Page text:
Loose, playful, slightly goofy, and willfully ambiguous, that Rottenberg is everything that Enwezor’s show so often is not. “All the World’s Futures”—tendentious, if well-intentioned—instead lapses at intervals into a didactic and activist mode that can feel condescending, pedantic, or just scattershot.

A detail of Taryn Simon's Paperwork, and the Will of Capital, 2015.

A detail of Taryn Simon’s Paperwork, and the Will of Capital, 2015.

South Korean artist Ayoung Kim has submitted a dry wall-chart with a sound accompaniment that maps out the history of oil. Petra Bauer, of Sweden, has gone with a slide show of women’s socialist groups in the first decades of the 20th century. Enwezor has included in the galleries a documentary about Sergei Eistenstein’s relationship to Karl Marx by the German filmmaker Alexander Kluge. (A marathon reading of Marx’s final tome, Capital, is also in the offing.) The Iraqi-born, Berlin-based Hiwa K has melted down waste from war in his home country to make a bell, which appears along with a video about one of its makers. The New Delhi–based RAQS Media Collective presents awfully obvious sculptures on the Giardini grounds—royal statues that are disfigured in various ways, missing heads or off their platforms, which are emblazoned with quotations from George Orwell’s 1936 essay about imperialism “Shooting an Elephant.” Maja Bajevic, who was born in Sarajevo, Yugoslavia, and lives in Paris, has embroidered various stock indices and measures of inequality into fabric. The Australian Marco Fusinato is selling thick volumes with selections from the Primo Moroni Archive for £10, the proceeds, which pile up on a platform as books are sold, going to support that storehouse for radical left-wing texts. And the American photographer Taryn Simon, always ready to overproduce a mediocre idea, has mounted an installation of books that feature the flowers that appeared alongside world leaders in diplomatic signing ceremonies over the years.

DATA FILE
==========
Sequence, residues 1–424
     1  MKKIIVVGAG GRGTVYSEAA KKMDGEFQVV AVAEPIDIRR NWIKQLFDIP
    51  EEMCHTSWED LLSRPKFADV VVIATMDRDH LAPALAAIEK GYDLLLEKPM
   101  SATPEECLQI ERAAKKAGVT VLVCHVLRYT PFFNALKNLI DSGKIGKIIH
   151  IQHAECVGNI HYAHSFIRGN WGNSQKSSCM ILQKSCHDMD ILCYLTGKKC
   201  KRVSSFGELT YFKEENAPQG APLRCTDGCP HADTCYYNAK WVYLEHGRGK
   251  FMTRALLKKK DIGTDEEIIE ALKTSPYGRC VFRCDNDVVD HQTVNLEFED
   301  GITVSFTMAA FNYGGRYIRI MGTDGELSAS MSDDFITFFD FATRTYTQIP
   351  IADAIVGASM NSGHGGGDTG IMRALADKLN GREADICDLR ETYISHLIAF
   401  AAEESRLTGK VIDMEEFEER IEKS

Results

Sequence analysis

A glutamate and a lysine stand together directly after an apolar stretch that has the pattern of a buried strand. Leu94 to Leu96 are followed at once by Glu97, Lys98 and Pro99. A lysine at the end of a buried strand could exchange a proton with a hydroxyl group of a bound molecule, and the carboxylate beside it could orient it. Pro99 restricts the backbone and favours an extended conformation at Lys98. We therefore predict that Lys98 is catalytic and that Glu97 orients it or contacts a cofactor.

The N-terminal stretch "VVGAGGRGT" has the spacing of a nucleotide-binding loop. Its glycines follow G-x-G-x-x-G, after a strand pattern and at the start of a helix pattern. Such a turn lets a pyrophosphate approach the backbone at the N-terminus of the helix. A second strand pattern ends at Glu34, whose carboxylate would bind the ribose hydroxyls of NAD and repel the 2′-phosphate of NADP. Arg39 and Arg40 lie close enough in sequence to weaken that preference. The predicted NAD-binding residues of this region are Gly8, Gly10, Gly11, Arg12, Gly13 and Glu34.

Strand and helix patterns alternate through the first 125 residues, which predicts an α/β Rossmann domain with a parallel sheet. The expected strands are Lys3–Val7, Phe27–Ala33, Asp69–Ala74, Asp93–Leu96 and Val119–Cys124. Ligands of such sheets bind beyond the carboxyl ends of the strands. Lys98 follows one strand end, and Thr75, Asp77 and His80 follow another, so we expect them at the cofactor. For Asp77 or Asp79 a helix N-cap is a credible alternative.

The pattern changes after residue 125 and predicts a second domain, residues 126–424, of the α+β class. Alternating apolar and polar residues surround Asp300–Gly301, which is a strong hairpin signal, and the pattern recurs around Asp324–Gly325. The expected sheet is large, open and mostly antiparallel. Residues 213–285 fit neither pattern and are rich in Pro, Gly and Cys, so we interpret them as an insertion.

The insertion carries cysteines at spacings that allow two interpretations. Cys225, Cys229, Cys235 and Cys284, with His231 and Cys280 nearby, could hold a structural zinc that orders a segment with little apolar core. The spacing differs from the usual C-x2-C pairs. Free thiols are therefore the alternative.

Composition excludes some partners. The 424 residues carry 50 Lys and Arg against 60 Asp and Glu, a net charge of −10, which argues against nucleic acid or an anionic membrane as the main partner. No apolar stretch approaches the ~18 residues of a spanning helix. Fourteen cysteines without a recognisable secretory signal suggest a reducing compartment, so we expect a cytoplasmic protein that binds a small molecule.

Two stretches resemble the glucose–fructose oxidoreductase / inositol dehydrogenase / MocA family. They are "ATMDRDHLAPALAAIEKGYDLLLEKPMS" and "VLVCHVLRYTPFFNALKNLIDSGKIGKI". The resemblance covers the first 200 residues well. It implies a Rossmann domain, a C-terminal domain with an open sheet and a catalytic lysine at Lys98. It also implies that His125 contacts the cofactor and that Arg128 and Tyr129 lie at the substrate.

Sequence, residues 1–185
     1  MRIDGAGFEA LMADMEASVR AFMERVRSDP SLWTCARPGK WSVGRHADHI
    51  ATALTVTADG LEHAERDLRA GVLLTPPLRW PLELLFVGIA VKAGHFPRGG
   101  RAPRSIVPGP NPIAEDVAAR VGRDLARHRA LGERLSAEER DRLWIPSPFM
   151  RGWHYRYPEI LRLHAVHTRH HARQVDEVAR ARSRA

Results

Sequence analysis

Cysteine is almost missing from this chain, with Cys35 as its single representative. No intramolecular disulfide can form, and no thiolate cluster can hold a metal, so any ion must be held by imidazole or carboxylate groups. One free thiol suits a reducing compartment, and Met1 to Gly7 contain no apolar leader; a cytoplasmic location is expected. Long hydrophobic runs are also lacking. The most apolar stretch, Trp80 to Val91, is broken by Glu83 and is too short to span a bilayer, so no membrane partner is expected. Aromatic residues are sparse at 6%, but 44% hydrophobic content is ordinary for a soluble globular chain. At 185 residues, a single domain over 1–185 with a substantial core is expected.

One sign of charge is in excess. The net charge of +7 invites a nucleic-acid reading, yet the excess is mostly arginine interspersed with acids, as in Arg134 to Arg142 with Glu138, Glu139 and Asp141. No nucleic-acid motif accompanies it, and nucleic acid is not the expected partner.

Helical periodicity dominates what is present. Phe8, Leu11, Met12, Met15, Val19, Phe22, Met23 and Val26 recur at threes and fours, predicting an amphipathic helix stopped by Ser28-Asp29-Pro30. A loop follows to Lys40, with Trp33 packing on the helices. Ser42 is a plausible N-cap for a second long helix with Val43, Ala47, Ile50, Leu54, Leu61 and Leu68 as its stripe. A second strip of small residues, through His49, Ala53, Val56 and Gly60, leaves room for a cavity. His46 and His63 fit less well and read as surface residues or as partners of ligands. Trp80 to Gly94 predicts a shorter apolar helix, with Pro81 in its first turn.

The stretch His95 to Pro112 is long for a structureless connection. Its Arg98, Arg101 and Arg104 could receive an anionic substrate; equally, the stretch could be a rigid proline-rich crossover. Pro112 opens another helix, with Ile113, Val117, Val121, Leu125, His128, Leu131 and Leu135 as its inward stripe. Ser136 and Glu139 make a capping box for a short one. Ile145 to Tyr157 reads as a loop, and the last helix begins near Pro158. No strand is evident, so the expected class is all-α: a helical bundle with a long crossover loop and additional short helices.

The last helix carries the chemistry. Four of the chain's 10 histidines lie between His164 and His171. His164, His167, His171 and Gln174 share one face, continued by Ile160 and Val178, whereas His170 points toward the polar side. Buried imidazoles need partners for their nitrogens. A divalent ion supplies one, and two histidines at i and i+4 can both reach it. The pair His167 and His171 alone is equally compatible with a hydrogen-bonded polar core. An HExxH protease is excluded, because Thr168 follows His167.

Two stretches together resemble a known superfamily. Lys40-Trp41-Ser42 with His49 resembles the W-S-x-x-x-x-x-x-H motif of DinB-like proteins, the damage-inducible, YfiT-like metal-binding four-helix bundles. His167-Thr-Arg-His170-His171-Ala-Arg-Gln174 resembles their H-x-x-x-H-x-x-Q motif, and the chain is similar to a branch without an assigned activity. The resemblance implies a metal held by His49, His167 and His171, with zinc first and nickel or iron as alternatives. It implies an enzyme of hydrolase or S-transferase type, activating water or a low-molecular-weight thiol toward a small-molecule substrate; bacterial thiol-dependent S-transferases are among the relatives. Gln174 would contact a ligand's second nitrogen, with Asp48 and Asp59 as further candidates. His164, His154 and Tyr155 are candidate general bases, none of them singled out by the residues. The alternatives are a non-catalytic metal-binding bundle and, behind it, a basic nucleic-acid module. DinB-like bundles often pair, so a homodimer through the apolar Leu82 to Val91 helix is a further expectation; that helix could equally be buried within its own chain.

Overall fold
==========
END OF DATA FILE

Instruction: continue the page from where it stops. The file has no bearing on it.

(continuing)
Petra Bauer, A Morning Breeze, 2015.

Petra Bauer, A Morning Breeze, 2015.

These project-based, vaguely pedagogical works are commonplace in so many international exhibitions, though it’s hard to know what art viewers are really supposed to be able get out of them. They read as feel-good, one-note gestures, celebrating minor transgressions or simply riding on the coattails of the past. Frequently, one gets an unsatisfying glimpse of something that one suspects must have been very fun or rewarding to do. You may decide, as I did, that I would rather read an essay addressing the ideas or histories that are so laboriously indulged.

A jukebox by Jeremy Deller that is loaded with 7-inch records that play noises from various machines at factories.

A jukebox by Jeremy Deller that is loaded with 7-inch records that play noises from various machines at factories.

However, the British artist Jeremy Deller shows you can be both engagé and aesthetically pleasurable in a room at the Giardini that includes texts about the history of workers’ songs, a witty banner hung from the ceiling (“Hello, today you have day off”), and a jukebox loaded with 7-inch records pressed with the sound of various machines at work. It’s cacophonous and exhilarating.

Hans Haacke, Blue Sail, 1965.

Hans Haacke, Blue Sail, 1965.

Also impressive is a survey of polls that the German-born, New York–based Hans Haacke has staged at various exhibitions over the years, inviting visitors to become political actors and registering their demographics. It features a new one, which has 20 questions on an iPad—among them, your views on economic inequality and conditions for building projects in Abu Dhabi. As people answer, it tabulates the results in real-time and prods: if there is such agreement on key questions in the art world—and there is, judging by one day of polling, at least—why are so few people politically active?